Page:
TOKYO — Anyone poised to choose an AI model solely based on its accuracy might want to think again. A key issue, according to IBM Research, is how resistant the AI model is to adversarial attacks.
IBM researchers, collaborating with other research institutes, are presenting two new papers on the vulnerability of AI. One study focuses on how to certify the robustness of AI against adversarial attacks. The other examines an efficient way to test resilience of AI models already deployed.
Of course, accuracy is the Holy Grail of AI. If computers can’t beat humans, why bother with AI? Indeed, AI’s ability to recognize images and classify them has vastly improved over the last several years. As demonstrated in the results of ImageNet competitions between 2010 and 2017, computer vision can already outperform human abilities. AI’s accuracy in classifying objects in a dataset jumped from 71.8% to 97.3% in just seven years.
Companies big and small have used ImageNet as a benchmark for their image classification algorithms against the dataset. Winning an ImageNet competition has bestowed bragging rights for AI algorithm superiority.
However, the scientific community has begun paying attention to recent studies highlighting a robustness gap in well-trained deep neural networks versus adversarial examples.
Last summer, a team of researchers including IBM Research, the University of California at Davis, MIT, and JD AI Research published a paper entitled “Is Robustness the Cost of Accuracy? — A Comprehensive Study on the Robustness of 18 Deep Image Classification Models.”
According to Pin-Yu Chen, a research staff member in the AI Foundations at IBM’s Thomas J. Watson Research Center, the researchers cautioned, “Solely pursuing for a high-accuracy AI model may get us in trouble.” The team’s benchmark on 18 ImageNet models “revealed a tradeoff in accuracy and robustness.”
(Source: IBM Research)
Alarmed by the vulnerability of AI models, researchers at the MIT-IBM Watson AI Lab, including Chen, presented this week a new paper focused on the certification of AI robustness. “Just like a watch that comes with a water resistance number, we wanted to provide an effective method for certifying an attack resistance level of convolutional neural networks [CNNs],” noted Chen.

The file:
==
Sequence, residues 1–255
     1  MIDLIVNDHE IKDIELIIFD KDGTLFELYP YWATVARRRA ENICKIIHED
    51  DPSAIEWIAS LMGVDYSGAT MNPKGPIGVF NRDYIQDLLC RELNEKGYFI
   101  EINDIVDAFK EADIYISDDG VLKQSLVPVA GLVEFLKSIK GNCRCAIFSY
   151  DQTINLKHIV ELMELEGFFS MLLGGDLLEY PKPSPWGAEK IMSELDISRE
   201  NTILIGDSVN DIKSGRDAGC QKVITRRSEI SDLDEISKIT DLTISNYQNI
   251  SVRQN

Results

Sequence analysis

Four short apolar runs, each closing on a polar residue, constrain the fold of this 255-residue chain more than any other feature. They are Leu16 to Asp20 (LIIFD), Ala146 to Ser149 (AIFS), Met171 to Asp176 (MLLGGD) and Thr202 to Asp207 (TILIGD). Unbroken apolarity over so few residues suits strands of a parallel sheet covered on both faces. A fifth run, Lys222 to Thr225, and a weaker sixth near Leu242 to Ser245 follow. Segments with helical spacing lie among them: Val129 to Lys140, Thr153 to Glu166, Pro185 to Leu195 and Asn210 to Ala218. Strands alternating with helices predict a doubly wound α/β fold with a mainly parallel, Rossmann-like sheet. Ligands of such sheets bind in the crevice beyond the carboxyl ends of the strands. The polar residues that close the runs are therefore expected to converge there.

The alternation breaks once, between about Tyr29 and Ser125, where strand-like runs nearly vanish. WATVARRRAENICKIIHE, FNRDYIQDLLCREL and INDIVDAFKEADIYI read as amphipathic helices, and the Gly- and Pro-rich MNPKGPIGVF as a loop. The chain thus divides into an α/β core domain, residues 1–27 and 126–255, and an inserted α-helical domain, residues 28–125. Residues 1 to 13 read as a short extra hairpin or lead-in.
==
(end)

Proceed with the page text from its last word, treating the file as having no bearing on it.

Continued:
Why does this matter? It does because visually unnoticeable perturbations to natural images can mislead image classifiers toward misclassification. Chen said, “Think about safety-critical settings with AI.” An autonomous car that uses AI should readily recognize a stop sign. Yet when a minor optical illusion is cast on the sign from a nearby light source, the autonomous car sees the stop sign as a speed limit sign, Chen said. “The light source, in this case, has become a classic adversarial example.”
(Source: IBM Research)
(Source: IBM Research)
As a neural network is taught more images, it memorizes what it needs to classify. “But we don’t necessarily expect it to be robust,” said Chen. “The higher the accuracy is, the more fragile it could get.”
For autonomous vehicles, in which safety is paramount, verifying classification robustness is critical.
Techniques available today have been generally limited to certifying small-scale and simple neural-network models. In contrast, the joint IBM-MIT team found a way to certify robustness on the widely popular general CNNs.
The team’s proposed framework can “handle various architectures including convolutional layers, max-pooling layers, batch normalization layer, residual blocks, as well as general activation functions,” according to Chen. By allowing perturbation in each pixel with confined magnitude, said Chen, “We have created verification tools optimized for CNNs.” The team’s goal is “to assure you that adversarial attacks can’t alter AI’s prediction.”
Chen also pointed out that adversarial examples can come from anywhere. They exist in the physical world, digital space, and a variety of domains ranging from images and video to speech and data analysis. The newly developed certification framework can be applied in a variety of situations. In essence, it is designed to provide “attack-independent and model-agnostic” metrics, he explained.
The team also claims that its CNN certification framework is computationally efficient. It exploits the special structure of convolutional layers, reporting “more than 10× speed-up compared to state-of-the-art certification algorithms,” according to IBM Research.
Chen told us, “We’ve evaluated the input and output relations of each layer to create a matrix that is fast, certifiable, and general.”
Next page: Attacks on black-box neural networks?